In 2015 Tucson was named the first U.S. UNESCO City of Gastronomy. That word “gastronomy,” as defined by UNESCO, isn’t about fancy restaurants, but rather it refers to a region’s entire food system. A Desert Feast, Celebrating Tucson’s Culinary History, my new book, draws on thousands of years of food history to explain the UNESCO designation. The book traces the influences of Native American, Mexican, mission-era Mediterranean, and ranch-style cowboy traditions. It is is a food pilgrimage, full of stories and recipes stretching back to the earliest residents of the Santa Cruz Valley. You’ll read how the earliest farmers first learned to grow corn beginning in 2100 BC, where the Hohokam built elaborate their elaborate irrigation canals, and how the arrival of the Spanish changed everything.
Like life, the big story is made up of many small stories. One of them is how in the late 1690s, Father Eusebio Kino brought winter wheat to Upper Sonora, filling an important food niche. Today we still eat this crop, ground into flour for delicious pastries or eaten whole as in this salad, in the photo below.
The volunteers at the Mission Garden in Tucson always grow a large field of Sonoran White Wheat to take us back to an earlier time when fields of this grain grew along the banks of the Santa Cruz River.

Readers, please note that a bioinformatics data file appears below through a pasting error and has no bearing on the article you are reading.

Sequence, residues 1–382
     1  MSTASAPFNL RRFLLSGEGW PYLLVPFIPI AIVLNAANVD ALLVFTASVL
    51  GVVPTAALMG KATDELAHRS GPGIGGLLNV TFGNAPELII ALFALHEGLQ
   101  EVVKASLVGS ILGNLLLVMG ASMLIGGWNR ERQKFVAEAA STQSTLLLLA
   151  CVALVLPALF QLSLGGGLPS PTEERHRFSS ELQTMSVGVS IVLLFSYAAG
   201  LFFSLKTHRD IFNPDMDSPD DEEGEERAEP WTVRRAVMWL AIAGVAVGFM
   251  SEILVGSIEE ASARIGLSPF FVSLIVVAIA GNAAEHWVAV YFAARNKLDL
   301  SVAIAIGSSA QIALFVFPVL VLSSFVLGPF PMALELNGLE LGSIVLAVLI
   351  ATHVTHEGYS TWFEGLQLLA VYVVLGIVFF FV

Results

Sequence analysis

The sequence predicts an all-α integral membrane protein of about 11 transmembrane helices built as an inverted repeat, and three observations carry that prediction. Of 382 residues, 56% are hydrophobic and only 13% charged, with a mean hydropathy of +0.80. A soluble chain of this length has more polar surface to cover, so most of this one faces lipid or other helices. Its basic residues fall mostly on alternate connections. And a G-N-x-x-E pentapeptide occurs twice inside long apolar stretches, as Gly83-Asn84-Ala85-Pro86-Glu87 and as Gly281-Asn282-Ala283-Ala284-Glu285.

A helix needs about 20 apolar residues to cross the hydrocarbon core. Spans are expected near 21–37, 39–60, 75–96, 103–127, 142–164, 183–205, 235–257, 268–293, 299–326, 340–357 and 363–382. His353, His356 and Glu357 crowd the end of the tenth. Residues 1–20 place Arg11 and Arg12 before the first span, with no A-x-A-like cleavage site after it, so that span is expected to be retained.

This is modified from a dish made by Chef Janos Wilder and served at Downtown Kitchen+Cocktails in Tucson. Chop all the fruit into pieces about the size of raisins. This takes well to a fruit flavored vinaigrette. If you have any fruit vinegars or olive oil, this is a good place to use them.
1 cup dry wheatberries
1/3 cup chopped dates (about 6)
1/3 cup chopped apricots or golden raisins
½ cup chopped apple
1 shredded carrot
1/3 cup sunflower seeds
1/3 cup crumbled goat cheese
1 cup shredded baby spinach
4 1/2 tablespoons olive oil
1 teaspoon honey or agave syrup
1 teaspoon mustard
2 tablespoons fruit vinegar
Cover wheatberries with 2 cups water, bring to a boil, cover and turn heat down to a simmer. Cook 45-60 minutes until tender but chewy. Transfer to a medium bowl and add fruit, carrots and seeds. Make the dressing put the oil in a cup and stir in the honey and mustard. Dribble the vinegar in while whisking vigorously with a fork. Add to other ingredients and stir to combine. Refrigerate. Just before serving stir in shredded spinach and top with crumbled goat cheese.
A Desert Feast: Celebrating Tucson’s Culinary Heritage tells the history of how residents of the Santa Cruz Valley have fed themselves over thousands of years, why they are still eating some of the same foods over that time, and how that led to Tucson’s designation of the first American city to earn the coveted UNESCO City of Gastronomy. You can order the book from your favorite bookstore, on-line, or from the Native Seeds/SEARCH bookstore.